Here are a few facts you might not know about some of our beloved gins: Tanq10, Sipsmith and Bombay Sapphire. But first! Why we are fans of King William of Orange (well, one particular policy of his). King William can be credited in part for gin’s popularity because in 1689 he heavily taxed imported spirits, and dropped taxes for local distillers in England, thus boosting British gin production (and its popularity!).

Tanqueray 10:

Tanq 10 Is named after its still number, the copper distilling unit it is made in. Because of the size of the still, it is affectionately nicknamed “Tiny Ten”.

The base of the re-designed Tanq 10 bottle is ridged and reminiscent of a juicer, because of its strong focus on fresh citrus. Its shape also mirrors that of a cocktail shaker. You can learn more about the infusions and botanicals in Tanq10 and our other gins in one of our cocktail masterclasses!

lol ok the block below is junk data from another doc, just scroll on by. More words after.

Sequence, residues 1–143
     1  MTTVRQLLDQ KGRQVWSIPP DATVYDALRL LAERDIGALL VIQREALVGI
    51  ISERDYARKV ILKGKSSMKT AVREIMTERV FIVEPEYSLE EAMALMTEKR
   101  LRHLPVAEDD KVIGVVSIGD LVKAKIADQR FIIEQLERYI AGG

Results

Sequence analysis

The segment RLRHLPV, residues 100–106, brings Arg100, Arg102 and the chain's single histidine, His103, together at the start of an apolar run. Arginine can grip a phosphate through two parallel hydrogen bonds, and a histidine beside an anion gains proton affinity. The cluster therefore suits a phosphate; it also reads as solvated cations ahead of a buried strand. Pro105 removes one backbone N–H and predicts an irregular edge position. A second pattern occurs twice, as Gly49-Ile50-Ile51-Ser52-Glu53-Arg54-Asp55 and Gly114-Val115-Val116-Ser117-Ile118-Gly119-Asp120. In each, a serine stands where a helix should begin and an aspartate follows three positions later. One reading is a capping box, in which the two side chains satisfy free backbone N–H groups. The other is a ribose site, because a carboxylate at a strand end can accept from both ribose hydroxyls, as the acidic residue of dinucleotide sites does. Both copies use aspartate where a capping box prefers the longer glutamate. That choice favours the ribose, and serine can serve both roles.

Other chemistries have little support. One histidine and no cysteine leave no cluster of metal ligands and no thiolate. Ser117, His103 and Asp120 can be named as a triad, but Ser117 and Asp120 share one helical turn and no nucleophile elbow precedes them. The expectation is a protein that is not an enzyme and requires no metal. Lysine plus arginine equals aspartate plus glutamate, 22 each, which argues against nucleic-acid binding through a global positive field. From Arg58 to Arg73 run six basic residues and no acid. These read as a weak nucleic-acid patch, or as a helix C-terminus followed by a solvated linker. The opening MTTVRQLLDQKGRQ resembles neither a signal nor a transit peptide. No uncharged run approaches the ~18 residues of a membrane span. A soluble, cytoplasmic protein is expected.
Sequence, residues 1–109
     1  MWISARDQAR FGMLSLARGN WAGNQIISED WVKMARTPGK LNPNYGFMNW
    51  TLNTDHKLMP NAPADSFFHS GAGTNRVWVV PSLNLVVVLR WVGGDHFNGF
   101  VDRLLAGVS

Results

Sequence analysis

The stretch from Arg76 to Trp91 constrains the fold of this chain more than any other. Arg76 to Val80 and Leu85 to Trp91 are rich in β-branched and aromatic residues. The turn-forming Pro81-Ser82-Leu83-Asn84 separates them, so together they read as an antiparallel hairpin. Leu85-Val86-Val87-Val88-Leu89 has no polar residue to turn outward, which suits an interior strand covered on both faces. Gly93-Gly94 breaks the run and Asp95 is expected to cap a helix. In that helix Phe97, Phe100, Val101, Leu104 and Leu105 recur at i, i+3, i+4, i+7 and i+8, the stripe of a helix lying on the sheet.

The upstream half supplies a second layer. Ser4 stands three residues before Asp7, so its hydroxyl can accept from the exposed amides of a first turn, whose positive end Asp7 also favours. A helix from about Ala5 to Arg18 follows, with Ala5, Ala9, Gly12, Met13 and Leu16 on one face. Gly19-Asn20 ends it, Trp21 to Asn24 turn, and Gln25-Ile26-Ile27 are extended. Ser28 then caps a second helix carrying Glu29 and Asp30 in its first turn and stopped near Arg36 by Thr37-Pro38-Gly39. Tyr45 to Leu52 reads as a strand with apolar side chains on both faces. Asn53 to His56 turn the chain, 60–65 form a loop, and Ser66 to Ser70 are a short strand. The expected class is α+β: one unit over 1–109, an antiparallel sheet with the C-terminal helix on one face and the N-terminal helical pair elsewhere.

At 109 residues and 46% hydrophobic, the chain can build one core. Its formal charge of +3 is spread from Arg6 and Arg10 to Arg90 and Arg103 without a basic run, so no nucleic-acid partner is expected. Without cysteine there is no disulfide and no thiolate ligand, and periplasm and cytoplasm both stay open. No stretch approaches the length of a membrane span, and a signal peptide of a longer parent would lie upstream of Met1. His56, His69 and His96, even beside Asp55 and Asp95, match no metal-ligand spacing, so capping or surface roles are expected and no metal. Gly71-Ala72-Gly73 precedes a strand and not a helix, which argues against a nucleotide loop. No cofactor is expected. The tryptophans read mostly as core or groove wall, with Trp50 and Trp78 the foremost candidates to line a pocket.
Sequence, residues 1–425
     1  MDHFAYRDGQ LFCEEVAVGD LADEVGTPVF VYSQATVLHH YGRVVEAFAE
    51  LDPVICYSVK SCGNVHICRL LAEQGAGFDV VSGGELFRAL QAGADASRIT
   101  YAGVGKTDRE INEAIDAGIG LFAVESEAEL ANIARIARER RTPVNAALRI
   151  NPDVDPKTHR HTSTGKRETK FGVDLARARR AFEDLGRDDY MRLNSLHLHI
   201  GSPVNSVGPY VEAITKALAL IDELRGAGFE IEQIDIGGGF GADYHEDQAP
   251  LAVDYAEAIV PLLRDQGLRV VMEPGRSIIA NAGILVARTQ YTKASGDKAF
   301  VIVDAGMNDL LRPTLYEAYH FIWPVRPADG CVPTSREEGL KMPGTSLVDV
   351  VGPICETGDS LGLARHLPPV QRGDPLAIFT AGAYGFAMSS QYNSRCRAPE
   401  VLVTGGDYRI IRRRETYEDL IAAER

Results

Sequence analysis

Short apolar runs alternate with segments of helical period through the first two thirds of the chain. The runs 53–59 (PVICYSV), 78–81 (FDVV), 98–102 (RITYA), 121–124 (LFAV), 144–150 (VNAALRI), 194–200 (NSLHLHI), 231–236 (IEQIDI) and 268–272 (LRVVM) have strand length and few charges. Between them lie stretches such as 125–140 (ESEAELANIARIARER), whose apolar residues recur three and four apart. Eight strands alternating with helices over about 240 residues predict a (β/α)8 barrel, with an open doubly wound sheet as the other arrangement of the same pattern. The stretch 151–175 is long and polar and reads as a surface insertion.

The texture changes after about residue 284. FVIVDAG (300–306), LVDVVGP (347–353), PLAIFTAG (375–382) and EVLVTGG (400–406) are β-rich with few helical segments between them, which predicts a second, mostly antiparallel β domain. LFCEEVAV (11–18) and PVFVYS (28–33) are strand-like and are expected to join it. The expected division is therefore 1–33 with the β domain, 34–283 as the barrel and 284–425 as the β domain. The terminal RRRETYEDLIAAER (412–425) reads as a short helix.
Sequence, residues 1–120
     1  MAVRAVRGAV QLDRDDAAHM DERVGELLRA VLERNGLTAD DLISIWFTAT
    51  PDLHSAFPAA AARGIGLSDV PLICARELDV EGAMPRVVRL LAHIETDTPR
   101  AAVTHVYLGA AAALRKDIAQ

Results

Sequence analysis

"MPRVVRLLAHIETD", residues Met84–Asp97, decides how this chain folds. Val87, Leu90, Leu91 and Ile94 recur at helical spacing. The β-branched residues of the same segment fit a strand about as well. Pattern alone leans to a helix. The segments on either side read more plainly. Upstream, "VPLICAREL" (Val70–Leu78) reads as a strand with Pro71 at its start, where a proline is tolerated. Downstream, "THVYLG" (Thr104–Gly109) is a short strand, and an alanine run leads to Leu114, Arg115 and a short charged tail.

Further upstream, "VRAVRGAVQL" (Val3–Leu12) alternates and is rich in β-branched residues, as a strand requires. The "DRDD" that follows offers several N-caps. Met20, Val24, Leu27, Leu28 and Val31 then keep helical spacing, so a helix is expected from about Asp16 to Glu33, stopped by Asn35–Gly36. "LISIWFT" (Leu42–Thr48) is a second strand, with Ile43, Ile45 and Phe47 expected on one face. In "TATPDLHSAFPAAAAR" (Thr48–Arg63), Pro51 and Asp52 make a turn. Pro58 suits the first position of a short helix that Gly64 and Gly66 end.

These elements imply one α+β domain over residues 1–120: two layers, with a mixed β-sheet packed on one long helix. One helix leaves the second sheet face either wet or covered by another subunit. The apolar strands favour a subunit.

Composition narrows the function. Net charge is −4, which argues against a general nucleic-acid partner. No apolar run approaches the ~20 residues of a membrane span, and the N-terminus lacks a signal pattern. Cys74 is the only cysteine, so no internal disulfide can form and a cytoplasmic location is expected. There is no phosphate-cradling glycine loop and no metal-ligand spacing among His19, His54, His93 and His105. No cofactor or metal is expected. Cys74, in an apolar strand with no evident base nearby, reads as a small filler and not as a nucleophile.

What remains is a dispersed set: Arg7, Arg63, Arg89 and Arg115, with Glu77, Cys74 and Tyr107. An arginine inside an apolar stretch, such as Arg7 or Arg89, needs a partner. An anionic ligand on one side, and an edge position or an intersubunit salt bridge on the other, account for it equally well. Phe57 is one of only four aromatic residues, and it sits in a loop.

Sipsmith gin:

Sipsmith opened in 2009 and along with it, the first functioning copper pot still in London for 200 years! Sipsmith make several different types of gin, made in their four stills: Prudence, Patience, Constance, and their little sister Cygnet.

Gin and vodka are made in a similar way (gin essentially is flavoured vodka) so Sipsmith also create and sell vodka from their copper stills.

Balls Brothers Sipsmith Gin

Bombay Sapphire:

Its name was inspired by the Star of Bombay, a beautiful violet blue sapphire found in Sri Lanka. The bottle’s translucent blue was based on that of the Star of Bombay.

It was because of this new gin that legendary bartender Dick Bradsell created the Bramble cocktail.

Balls Brothers Bombay Sapphire

So with all that knowledge on board, it’s about time you let the weekend be-GIN and showed off your new ginteresting facts with £5 g&t’s from 5pm!